Question 1: What you need to know about the proposed millionaires tax in Massachusetts

Question 1 would levy an additional 4% tax on income over $1 million, to be put toward education and transportation.

Craig F. Walker / The Boston Globe, File

The battle over the so-called “millionaires tax” has dominated TV airwaves leading up to the Nov. 8 election, when Massachusetts voters will decide whether to raise taxes for the state’s highest earners.

Question 1 — also called the Fair Share Amendment — would amend the state constitution to levy an additional 4% tax on income over $1 million, to be put toward education and transportation. The proposal has drawn support from prominent labor groups, as well as opposition from some of the biggest names in Massachusetts’ business circles.

Here’s a guide to unpacking Question 1:

What would Question 1 do?

Unlike most states, Massachusetts charges the same flat 5% tax rate for all income levels. The surtax proposed in Question 1 would apply to earnings above $1 million. For example, if someone earned $2 million in one year, the first $1 million would be taxed at 5% and the second at 9%.


The amendment would kick in Jan. 1, 2023, and would raise the $1 million threshold over time to keep up with inflation.

A study from Tufts University’s Center for State Policy Analysis estimated that the surtax would bring in $1.3 billion in 2023 and apply to 0.6% of Massachusetts households in any given year. 

Question 1

“Question 1 is needed because our economy is working really well for those at the very top, but it’s not working well for the rest of us,” said Andrew Farnitano, spokesperson for Fair Share for Massachusetts.

The amendment is a chance to raise funds to improve roads, bridges, schools, and public transportation, he said in an interview with Boston.com.

“The middle class can’t afford to pay more in taxes to make those investments, so Question 1 is an opportunity to ask those at the very top, who have benefited the most from our economy, to pay a little bit more to make those investments,” Farnitano said.

Dan Cence, spokesperson for the Coalition to Stop the Tax Hike Amendment, pointed to the state’s budget surplus, President Joe Biden’s infrastructure law, and Massachusetts’ relatively high per-pupil education spending as reasons why Question 1 isn’t needed.


But Massachusetts can’t make long-term investments with one-time revenues or budget surpluses that come as a result of federal aid, Farnitano argued.

“We can’t hire more teachers or bus drivers with one-time revenue and then expect to lay them off as soon as that revenue goes away,” he said. “Relying on short-term revenue like that is what got us into this mess to begin with.”

Who would the surtax impact?

One of the biggest talking points in the Question 1 debate has been the potential impact on so-called “one-time millionaires,” or people who only surpass $1 million in income once in their lifetime. 

“These aren’t uber-wealthy people,” Cence said in an interview with Boston.com. “These aren’t people who even consider themselves millionaires. These are people who would be selling a family home, selling a farm, selling a small business, or … taking their retirement monies out.”

In 2022, it’s not uncommon to have a home worth more than $1 million in many of Massachusetts’ suburbs and metropolitan areas, he added.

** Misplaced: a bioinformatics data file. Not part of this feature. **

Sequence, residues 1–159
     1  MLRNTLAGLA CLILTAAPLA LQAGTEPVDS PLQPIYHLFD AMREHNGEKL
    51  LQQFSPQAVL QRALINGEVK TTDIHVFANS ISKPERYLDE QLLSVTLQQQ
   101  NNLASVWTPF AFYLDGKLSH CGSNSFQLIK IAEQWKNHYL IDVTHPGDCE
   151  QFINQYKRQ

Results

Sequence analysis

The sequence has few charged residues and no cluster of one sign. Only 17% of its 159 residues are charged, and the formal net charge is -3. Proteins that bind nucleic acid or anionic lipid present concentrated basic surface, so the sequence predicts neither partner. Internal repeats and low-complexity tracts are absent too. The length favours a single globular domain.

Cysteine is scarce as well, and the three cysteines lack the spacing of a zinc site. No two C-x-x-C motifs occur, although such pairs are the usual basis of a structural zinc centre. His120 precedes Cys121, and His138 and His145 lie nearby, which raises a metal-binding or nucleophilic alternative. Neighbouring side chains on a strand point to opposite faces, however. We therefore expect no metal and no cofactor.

“There may be a few people who have one really good year, and they make a little bit over a million dollars once in their lifetime,” Farnitano acknowledged. “If that’s true, they’re only going to pay a little bit more once in their lifetime.”


The Massachusetts Budget and Policy Center, a think tank that supports the amendment, estimates that 70% of the Fair Share tax would be paid each year by earners making more than $5 million.

However, Cence argued that the surtax could hurt small business owners who file taxes as pass-through entities, meaning they declare their business profits as personal income.

Small businesses are “coming out of COVID, inflation is growing, there are worker shortages everywhere,” he said. “Many of these businesses were propped up and held together by COVID money and [the Paycheck Protection Program] — that’s all dried up and gone now.”

The Tufts study concluded that any short-term impact on the state’s economy is likely to be negligible, with long-term effects depending on whether Massachusetts “durably increases the size of transportation and education investments or instead uses this money to support already-planned spending.”

Critics have also argued that the constitutional amendment offers less flexibility if future changes are needed.

“We’re attempting to change the constitution that John Adams wrote hundreds of years ago, and it’s worked pretty well to this point,” Cence said. “If this were to pass and all of a sudden we’re seeing the impact it’s having on retirees, small businesses, and others, it’ll take four more years at a minimum to undo.” 

Bottom line

If passed, Question 1’s revenues would be dedicated to education and transportation, but subject to appropriation by state legislators. Critics have argued that lawmakers could shift existing revenue elsewhere in the budget, effectively negating any increase. 


However, Farnitano pointed out that the Legislature has already identified several transportation and education priorities in need of funding. 

Question 1 supporters will also hold lawmakers accountable, he said. 

“We’re going to be sticking around to ensure that the money ends up where it’s supposed to,” Farnitano said.


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